Dr. Ann Hoyt, an internationally known expert on cooperatives

Tune in to WOL 1450 AM tomorrow for Everything Co-ophosted by Vernon Oakes. This week Vernon interviews Dr. Ann Hoyt, retired professor and department chair of the University of Wisconsin-Madison, Department of Consumer Science. Vernon and Dr. Hoyt will discuss her involvement in the cooperative movement, vision for the next phase of her involvement, and the Cooperative Hall of Fame.

To see the Heroes video of Dr. Hoyt’s involvement in the Cooperative Movement Click Here! or To listen to the interview with William J. Nelson, another 2015 Cooperative Hall of Fame Inductee, Click Here!
Hoyt, is an internationally known expert on cooperatives, who began her distinguished career in the 1960s as a member of the Berkley Consumer Food Co-op. Her academic interest in cooperatives took root in graduate school at University of California at Davis, where her Master’s Thesis focused on the Consumer Cooperative of Sacramento.

Hoyt was elected to the board of the National Cooperative Bank in 1982. In 1985 she joined the University of Wisconsin at Madison’s Department of Consumer Science and the UW Center for Cooperatives. In 1992 she began serving on the board of the National Cooperative Business Association where she served as chair from 2004 – 2006.  In 1994 she was elected to the board of the University of Wisconsin Credit Union where she served as chair from 1996 to 2005.

Always active in the national food cooperatives, Ann began her 25 year directorship of the annual Consumer Cooperative Management Association (CCMA) in 1988. Her love of teaching led to work in board education and governance, and the launch of an intensive education program for food cooperative managers, the Cooperative Management Institute (CMI). She has trained several thousand cooperative and non-profit directors and managers throughout the country and is the creator of a video-based director training program for cooperatives.  Hoyt is the recipient of the 2014 Cooperative Service Award from CCMA and the Howard Bowers Fund.

To listen live online Click Here!
or Click Here! to Listen on your cell phone with Tune-in Radio

 

Finance and Cooperatives

This Tuesday, there will be an interesting discussion about non-exploitative finance, including how it has been and could be used to grow cooperatives. The ED of one of my favorite organizations, Transform Finance, will be in town. I hope you can join us! 
 
Impact Hub DC // 419 7th. NW, 3rd Fl.
TUESDAY, MAY 12 from 6:00pm – 7:30pm

SOCAP DC — TRANSFORM FINANCE // 

RSVP

Help Impact Hub DC kick off our SOCAP 2015 Spring event series! Join our conversation with Andrea Armeni, co-founder and Executive Director of Transform Finance, an organization that is making capital a force for transformative change. Andrea will join us on the heels of his appearance at the Clinton Global Initiative to help us take a critical look at impact investing.  We’ll explore where its promise has gone unrealized and how to get it back on track.

Maryland and the New Economy

May 7 @ Noon – 1:30pm
 
IPS Conference Room
1112 16th Street NW, Suite 600, Washington, DC
 
(This is an in person meeting but you can also join via webinar.)
 
 Please RSVP:
or  

And in light of the uprising in Baltimore, we have also decided to reframe the discussion to focus on strategies for transitioning Baltimore — and greater Maryland — towards a New Economy. We hope to discuss inner-city equity as a key to sustaining job creation, improving citywide procurement systems, and starting up cooperative housing, which turns renters into owners. We’ll also look at place-based cooperatives in agriculture, grocery stores, solar energy installations, taxi companies, and community health centers. This is a left-right solution, where governments can combine financial incentives and local procurement equality with private-sector bootstrapping — such as “do it yourself” (DIY) entrepreneurial business — in a way that fosters racial justice.

Cabot Creamery Coop on the Radio

CabotTune in to WOL 1450 AM, on April 9, at 10:30 a.m. for Everything Coop, hosted by Vernon Oakes. This week Vernon interviews Roberta MacDonald, Senior Vice President of Marketing for Cabot Creamery Cooperative. Vernon and Ms. MacDonald will discuss Cabot Creamery, its coop-to-coop partnerships, and cooperative advantage.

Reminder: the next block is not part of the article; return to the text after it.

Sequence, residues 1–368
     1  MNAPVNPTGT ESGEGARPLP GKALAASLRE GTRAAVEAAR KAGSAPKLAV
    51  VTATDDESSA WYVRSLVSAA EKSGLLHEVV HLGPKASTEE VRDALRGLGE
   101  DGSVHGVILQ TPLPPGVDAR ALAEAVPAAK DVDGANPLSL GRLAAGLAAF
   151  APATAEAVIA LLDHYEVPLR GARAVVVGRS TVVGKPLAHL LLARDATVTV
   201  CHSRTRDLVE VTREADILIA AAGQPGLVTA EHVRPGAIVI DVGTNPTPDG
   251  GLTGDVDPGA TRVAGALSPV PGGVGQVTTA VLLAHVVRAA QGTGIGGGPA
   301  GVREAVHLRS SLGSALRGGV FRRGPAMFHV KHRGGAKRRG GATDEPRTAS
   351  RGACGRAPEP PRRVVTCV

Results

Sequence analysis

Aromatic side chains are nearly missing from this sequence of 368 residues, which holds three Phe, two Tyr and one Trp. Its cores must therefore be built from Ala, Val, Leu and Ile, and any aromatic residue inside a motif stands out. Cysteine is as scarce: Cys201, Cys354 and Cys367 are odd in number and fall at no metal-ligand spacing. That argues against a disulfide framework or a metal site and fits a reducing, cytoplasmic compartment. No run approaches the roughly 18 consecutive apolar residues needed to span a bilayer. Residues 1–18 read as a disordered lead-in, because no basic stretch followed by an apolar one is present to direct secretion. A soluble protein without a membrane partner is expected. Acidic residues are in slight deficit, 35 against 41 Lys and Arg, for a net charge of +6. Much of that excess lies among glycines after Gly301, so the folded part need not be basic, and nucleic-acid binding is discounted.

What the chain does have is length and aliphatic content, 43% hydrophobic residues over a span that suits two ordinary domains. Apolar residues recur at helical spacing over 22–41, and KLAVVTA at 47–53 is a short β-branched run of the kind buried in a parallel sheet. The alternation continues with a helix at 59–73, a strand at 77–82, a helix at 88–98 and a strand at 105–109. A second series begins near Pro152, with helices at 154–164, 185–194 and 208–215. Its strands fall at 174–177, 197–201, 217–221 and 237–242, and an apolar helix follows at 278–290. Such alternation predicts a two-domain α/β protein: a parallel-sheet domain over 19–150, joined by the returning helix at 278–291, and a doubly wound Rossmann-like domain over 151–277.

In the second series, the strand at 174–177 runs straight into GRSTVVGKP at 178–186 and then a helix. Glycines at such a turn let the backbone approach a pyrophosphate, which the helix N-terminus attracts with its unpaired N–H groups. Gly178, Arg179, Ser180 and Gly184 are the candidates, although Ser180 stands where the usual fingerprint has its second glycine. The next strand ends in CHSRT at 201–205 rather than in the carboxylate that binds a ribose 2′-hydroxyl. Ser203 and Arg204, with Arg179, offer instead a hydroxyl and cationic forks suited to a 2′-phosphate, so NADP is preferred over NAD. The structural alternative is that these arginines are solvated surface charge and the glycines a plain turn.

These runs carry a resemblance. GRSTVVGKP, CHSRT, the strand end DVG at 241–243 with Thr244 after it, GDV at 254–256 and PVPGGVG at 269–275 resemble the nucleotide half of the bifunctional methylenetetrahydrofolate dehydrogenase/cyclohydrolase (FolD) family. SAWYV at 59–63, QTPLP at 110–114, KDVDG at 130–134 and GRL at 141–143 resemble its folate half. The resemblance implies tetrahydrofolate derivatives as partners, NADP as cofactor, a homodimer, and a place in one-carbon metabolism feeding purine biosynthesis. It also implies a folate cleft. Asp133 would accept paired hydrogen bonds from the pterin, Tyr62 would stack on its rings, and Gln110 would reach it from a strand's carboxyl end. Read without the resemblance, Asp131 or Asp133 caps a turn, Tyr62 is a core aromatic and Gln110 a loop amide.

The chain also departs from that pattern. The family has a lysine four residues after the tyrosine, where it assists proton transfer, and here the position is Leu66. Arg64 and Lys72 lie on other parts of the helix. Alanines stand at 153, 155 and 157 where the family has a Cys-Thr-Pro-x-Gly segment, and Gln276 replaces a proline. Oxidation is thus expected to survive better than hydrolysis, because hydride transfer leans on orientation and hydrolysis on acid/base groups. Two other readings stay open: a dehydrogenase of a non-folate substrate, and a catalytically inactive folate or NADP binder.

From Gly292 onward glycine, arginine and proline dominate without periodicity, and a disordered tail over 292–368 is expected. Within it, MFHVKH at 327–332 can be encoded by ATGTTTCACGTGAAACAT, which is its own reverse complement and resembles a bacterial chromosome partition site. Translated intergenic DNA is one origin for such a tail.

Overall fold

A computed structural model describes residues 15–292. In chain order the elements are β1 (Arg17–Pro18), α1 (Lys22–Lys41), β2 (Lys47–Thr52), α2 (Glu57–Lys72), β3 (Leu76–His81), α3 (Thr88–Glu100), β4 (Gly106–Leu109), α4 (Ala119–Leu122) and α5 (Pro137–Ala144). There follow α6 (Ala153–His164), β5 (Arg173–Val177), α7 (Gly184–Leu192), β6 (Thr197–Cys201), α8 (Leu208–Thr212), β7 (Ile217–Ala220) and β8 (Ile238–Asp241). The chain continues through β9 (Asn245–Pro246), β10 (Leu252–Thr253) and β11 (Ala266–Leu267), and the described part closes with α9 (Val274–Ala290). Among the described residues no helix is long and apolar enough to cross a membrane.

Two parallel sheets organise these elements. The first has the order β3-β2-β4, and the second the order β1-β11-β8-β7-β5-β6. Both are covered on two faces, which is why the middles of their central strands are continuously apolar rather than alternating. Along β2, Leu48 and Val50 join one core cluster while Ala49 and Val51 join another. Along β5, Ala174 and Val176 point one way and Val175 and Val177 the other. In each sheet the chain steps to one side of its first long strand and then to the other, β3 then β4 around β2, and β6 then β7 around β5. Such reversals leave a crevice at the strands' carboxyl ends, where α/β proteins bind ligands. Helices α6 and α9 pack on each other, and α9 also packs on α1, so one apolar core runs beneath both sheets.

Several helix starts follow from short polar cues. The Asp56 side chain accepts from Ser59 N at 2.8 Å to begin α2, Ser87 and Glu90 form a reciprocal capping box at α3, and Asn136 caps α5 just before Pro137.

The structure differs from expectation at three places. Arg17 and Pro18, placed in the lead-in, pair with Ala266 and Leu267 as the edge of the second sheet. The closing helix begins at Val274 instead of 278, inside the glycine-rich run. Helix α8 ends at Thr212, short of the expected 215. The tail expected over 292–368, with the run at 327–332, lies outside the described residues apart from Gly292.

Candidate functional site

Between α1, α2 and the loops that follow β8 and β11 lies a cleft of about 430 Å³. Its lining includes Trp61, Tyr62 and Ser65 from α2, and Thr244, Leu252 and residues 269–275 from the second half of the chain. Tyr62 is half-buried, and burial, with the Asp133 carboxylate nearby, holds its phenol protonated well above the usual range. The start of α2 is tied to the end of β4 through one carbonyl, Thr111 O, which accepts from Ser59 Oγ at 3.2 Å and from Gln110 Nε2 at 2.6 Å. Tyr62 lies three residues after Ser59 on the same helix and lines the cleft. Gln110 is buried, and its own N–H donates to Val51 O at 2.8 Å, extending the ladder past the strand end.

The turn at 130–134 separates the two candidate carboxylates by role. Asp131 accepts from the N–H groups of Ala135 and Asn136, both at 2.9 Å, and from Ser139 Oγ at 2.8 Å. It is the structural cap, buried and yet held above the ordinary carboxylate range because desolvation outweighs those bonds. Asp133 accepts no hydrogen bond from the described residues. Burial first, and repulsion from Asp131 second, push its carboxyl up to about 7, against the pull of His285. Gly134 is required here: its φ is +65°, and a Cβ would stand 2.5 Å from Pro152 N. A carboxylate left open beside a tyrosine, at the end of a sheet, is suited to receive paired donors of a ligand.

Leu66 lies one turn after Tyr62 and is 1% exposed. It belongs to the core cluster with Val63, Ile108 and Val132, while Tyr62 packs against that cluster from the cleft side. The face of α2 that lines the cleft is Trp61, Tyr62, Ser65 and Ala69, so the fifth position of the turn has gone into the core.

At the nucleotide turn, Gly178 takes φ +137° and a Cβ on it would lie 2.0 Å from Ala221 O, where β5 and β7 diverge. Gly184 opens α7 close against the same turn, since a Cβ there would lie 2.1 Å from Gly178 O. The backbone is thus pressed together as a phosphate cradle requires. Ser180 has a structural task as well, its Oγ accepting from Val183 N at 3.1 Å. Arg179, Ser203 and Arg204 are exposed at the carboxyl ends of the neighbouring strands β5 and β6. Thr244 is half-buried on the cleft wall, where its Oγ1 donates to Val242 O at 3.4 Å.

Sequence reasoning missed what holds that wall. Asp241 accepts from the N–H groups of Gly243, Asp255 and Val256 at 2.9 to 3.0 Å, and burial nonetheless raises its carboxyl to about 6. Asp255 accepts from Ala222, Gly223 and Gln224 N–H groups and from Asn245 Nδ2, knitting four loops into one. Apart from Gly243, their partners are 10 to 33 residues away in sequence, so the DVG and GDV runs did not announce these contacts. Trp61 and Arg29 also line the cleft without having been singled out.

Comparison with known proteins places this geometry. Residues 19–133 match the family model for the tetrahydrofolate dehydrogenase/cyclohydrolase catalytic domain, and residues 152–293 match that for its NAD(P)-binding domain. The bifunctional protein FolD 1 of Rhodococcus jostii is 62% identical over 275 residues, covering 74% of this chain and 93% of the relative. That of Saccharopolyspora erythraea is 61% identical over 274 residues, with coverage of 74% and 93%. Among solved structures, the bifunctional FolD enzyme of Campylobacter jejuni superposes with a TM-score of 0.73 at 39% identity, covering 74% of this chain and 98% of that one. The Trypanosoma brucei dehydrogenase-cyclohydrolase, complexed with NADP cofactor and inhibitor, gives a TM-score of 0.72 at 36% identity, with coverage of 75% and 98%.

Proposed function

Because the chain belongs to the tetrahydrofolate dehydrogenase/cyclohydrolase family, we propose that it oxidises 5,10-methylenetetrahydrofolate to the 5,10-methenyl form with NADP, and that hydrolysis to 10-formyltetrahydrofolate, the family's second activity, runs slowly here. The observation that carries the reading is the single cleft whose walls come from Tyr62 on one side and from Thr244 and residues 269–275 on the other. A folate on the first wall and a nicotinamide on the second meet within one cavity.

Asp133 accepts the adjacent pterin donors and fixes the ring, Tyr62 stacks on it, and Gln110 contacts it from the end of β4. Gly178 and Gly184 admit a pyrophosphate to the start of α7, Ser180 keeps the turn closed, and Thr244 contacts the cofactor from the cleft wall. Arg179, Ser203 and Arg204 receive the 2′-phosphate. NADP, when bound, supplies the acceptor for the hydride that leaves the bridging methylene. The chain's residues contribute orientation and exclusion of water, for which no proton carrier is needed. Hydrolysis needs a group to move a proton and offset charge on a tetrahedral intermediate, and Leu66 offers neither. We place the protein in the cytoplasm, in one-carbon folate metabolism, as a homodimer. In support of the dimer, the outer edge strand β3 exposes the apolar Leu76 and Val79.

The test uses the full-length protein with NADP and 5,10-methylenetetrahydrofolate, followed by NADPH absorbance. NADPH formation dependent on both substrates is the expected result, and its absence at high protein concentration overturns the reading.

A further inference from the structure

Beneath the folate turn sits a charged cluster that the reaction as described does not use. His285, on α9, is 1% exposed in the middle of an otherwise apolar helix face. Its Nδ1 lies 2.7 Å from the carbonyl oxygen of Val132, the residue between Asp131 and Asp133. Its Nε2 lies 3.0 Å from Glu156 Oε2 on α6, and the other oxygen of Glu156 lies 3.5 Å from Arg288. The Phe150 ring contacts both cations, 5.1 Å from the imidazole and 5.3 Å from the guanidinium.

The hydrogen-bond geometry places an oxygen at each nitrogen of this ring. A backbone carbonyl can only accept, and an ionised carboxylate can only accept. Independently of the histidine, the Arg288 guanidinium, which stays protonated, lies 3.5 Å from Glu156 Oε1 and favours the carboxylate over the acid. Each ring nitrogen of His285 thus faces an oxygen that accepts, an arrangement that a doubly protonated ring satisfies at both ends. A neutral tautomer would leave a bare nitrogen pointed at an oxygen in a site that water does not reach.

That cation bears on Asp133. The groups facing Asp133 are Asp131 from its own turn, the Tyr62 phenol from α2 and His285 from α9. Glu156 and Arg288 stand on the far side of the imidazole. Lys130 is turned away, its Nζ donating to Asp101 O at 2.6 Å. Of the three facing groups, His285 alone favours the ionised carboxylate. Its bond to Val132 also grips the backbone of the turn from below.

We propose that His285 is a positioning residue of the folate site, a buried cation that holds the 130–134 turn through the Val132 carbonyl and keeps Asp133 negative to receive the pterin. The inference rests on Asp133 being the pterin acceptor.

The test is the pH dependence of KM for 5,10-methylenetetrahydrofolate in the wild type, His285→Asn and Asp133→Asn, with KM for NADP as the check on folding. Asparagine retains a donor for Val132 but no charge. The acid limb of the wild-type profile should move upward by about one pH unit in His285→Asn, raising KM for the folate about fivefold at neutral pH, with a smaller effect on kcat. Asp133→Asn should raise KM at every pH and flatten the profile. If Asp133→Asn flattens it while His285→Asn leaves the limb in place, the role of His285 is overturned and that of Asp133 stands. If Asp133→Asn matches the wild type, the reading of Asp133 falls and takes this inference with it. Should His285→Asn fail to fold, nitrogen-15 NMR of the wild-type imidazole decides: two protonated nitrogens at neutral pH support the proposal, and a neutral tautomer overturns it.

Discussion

Roberta MacDonald is nearing 40 years of consumer product and trade marketing experience, the last 25 of which she has spent as SVP of Marketing for Cabot Creamery Cooperative of Vermont. Roberta previously served as the state’s first Marketing Director. She has been recognized with many awards for design, promotions, and high-impact public relations programs, including Cookies for Good and the Cabot Reward Volunteers iPhone app. Prior to moving to Vermont, Roberta provided marketing consulting and/or staff services for leading organizations and enterprises, including the San Francisco Opera, the National Endowment for the Arts, American Express, Information Industry Association, NYU, CBS, and the Vietnam Veterans Memorial.

Cabot Creamery is a cooperative owned and operated by 1,200 member dairy farm families throughout New England and Upstate New York. Cabot values community, democracy, local ownership, and supports the places where their member families and consumers live and do business. Plus, when it comes to taste Cabot has won every major award. The Cooperative has on-going cooperative partners throughout the country who share its cooperative value. Cabot has partnered with other food cooperatives, credit unions, utility cooperatives and many more, because the executors know that co-ops make a positive difference in their communities, states and regions.
To listen live online Click Here!
or Click Here! to Listen on your cell phone with Tune-in Radio

GEO’s ADWC 3 / ECWD 2015 Conference

A diversity of kindred approaches to alternative political economics is emerging across the country. Many of them share a regional focus. This is showing unusual potential for advancing the development of worker co-operatives through inter-cooperative and cross-sector networking. We are calling this Regional Cooperative/Solidarity Economic Development (C/SE).*

Grassroots Economic Organizing (GEO) will convene, organize and implement a one-day mini-conference that will focus on this emergence. It will be an integral part of the Eastern Conference for Workplace Democracy’s (ECWD) Conference in Worcester, MA. This ECWD conference will take place over a Friday through Sunday most likely in June or July of 2015. Exact dates and location will be announced. Since it will be GEO’s third Advancing the Development Worker Cooperatives conference, we are calling it “ADWC 3.”

The purpose of this one-day mini-conference is to explore ways to build local economies, coalitions and other practices that will help to solve economic and social problems in our communities. We are reaching out to leaders of these diverse political economic initiatives across the country as well as leaders from social justice and civic engagement movements who are and who want to be supportive allies in regional economic development. It is what GEO is calling Movements Moving Together.